At the same time, Andrew co-founded and played piano, cornet, and drums in the Bridgetown Sextet, performing 1920s and 30s jazz and stomp with a high energy attitude which cemented the group’s popularity among both listeners and dancers in the Northwest and releasing three albums. He also delved into the world of Argentine tango music, with an extended collaboration with bandoneonist (and expert dancer) Alex Krebs, resulting in a long-standing monthly gig at Tango Berretin, Portland’s only all-Argentine Tango dance studio, an album of original tangos for dancing and an album of new tango/jazz/rock fusion, “What the Tango?!”
Since moving to London, England in 2013, Andrew has continued to pursue his love of early jazz within the impressive London and UK traditional jazz scene. Upon arriving he quickly teamed up with clarinetist and bass saxophonist David Horniblow. A long-lasting duo residency subsequently gave birth to the Dime Notes, a band focused on new interpretations of 20s and 30s repertoire within the framework of the traditional style, and the Vitality Five, a raucous quintet playing 20s small group stomps and jazz with energy and authenticity. Both bands have played extensively in London, the UK, and Europe, with the Dime Notes embarking on an ambitious 3 week tour of Scotland in June 2017, and the Vitality Five featured at festivals in Holland, Germany, and Hungary in 2017.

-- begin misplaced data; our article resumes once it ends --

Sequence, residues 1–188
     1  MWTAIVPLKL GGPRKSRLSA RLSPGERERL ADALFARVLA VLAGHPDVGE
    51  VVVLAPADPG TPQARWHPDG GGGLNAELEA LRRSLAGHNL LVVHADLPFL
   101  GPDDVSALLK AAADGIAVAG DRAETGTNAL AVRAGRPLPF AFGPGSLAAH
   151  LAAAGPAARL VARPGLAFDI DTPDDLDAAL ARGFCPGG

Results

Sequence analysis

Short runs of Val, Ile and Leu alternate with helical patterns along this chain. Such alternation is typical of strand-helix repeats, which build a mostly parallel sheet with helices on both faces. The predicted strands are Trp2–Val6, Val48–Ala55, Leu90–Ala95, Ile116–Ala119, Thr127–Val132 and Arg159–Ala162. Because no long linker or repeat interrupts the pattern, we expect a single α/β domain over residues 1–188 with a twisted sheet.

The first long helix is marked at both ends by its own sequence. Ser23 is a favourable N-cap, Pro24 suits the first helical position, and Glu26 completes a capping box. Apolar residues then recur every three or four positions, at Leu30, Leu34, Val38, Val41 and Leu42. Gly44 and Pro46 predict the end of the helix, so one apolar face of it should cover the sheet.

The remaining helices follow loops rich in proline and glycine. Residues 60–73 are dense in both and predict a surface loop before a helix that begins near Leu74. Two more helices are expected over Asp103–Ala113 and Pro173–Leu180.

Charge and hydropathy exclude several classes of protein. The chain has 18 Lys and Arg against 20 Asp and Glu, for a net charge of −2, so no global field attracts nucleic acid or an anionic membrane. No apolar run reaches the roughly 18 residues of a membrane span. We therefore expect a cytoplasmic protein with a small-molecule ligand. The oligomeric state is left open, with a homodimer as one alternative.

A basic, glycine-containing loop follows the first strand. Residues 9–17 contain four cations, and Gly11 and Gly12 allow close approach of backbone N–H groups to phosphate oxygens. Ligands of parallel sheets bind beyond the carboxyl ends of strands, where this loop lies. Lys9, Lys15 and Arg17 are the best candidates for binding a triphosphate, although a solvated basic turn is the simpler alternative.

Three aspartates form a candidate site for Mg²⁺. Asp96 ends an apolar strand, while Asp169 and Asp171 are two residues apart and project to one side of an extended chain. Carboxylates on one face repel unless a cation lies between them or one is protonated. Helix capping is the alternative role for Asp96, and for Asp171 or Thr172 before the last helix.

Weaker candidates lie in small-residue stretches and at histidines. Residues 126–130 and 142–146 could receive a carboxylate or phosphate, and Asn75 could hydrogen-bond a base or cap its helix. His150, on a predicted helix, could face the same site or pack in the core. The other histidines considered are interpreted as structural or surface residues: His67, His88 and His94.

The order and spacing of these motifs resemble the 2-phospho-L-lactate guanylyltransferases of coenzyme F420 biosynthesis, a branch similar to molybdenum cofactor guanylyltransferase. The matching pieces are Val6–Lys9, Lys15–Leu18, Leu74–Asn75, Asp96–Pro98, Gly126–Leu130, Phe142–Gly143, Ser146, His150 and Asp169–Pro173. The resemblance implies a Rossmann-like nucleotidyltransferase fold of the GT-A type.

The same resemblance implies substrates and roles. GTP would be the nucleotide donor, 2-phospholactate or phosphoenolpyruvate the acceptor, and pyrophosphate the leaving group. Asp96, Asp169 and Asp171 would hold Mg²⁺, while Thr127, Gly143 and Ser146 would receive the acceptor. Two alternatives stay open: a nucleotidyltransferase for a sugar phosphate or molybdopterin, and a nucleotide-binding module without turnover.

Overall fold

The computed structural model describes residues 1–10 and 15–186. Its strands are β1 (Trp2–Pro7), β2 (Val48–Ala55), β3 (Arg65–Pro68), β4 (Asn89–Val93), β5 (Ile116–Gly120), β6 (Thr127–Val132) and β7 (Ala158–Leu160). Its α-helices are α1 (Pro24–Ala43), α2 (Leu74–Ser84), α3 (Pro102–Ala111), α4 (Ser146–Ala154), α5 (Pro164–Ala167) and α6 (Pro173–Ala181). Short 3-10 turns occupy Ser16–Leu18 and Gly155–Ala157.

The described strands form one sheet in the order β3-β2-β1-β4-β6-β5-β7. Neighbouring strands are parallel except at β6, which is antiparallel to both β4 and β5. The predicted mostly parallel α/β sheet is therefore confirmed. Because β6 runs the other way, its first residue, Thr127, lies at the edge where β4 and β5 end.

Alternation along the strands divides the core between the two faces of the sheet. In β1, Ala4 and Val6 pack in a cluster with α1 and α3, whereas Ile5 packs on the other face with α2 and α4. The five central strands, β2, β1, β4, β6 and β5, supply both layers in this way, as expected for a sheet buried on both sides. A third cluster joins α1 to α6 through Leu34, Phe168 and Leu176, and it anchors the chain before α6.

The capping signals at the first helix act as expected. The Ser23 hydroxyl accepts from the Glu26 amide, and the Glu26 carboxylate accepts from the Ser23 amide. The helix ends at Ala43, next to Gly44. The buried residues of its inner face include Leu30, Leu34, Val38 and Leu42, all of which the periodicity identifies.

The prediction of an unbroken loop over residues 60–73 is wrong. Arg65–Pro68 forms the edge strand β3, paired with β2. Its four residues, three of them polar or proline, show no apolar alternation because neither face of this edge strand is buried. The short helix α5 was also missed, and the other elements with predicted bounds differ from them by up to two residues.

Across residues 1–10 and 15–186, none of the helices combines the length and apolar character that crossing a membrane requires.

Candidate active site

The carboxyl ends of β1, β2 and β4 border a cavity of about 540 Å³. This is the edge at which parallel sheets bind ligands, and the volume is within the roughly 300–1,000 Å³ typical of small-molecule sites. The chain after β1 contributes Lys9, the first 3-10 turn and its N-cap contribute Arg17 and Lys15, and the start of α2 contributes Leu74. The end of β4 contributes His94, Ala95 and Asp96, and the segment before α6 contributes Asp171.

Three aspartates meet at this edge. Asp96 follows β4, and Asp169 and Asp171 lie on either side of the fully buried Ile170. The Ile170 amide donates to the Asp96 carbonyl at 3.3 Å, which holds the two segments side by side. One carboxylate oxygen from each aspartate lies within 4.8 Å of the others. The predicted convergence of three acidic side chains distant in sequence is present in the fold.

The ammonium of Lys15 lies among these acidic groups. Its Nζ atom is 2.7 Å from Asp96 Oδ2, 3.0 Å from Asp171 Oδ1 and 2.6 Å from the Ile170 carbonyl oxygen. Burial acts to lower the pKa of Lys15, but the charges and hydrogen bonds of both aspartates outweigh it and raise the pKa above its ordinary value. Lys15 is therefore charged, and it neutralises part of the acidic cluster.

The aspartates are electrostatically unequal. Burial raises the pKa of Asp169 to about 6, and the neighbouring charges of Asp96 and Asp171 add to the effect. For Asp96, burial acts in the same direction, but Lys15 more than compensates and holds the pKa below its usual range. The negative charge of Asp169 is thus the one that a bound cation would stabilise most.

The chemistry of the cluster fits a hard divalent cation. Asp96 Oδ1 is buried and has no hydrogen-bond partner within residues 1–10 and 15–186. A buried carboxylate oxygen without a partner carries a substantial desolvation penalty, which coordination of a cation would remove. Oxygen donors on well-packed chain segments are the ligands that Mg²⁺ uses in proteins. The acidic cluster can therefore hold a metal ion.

In addition, Andrew plays with the Old Hat Jazz Band, the London Tango Orchestra, and freelances with many other musicians and bands in London. His playing is energetic and authentic, drawing on the styles of pianists such as Jelly Roll Morton, James P Johnson, and Earl Hines to deliver a stomping style which emphasizes the exciting groove and drive which brought jazz to the forefront of popular music in the 20th century and continues to excite and captivate audiences today.
It’s easy to assume that Jelly Roll Morton, Sidney Bechet et al can’t speak to a younger generation, but the pianist Andrew Oliver’s quartet lays that notion to rest
CLIVE DAVIS – THE SUNDAY TIMES. UK
Andrew Oliver is almost punk-rock in his attitude about Traditional Jazz and bringing back its visceral nature